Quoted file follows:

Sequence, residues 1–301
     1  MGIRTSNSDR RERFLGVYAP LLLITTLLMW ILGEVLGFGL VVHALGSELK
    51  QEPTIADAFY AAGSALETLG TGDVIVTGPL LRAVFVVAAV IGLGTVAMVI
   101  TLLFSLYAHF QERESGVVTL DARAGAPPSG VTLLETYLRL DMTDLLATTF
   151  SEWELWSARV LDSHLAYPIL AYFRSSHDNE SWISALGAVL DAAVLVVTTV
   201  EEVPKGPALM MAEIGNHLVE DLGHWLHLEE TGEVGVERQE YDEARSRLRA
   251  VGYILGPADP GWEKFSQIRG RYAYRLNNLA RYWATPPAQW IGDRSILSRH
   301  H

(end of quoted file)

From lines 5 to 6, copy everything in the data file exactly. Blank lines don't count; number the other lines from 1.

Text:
   151  SEWELWSARV LDSHLAYPIL AYFRSSHDNE SWISALGAVL DAAVLVVTTV
   201  EEVPKGPALM MAEIGNHLVE DLGHWLHLEE TGEVGVERQE YDEARSRLRA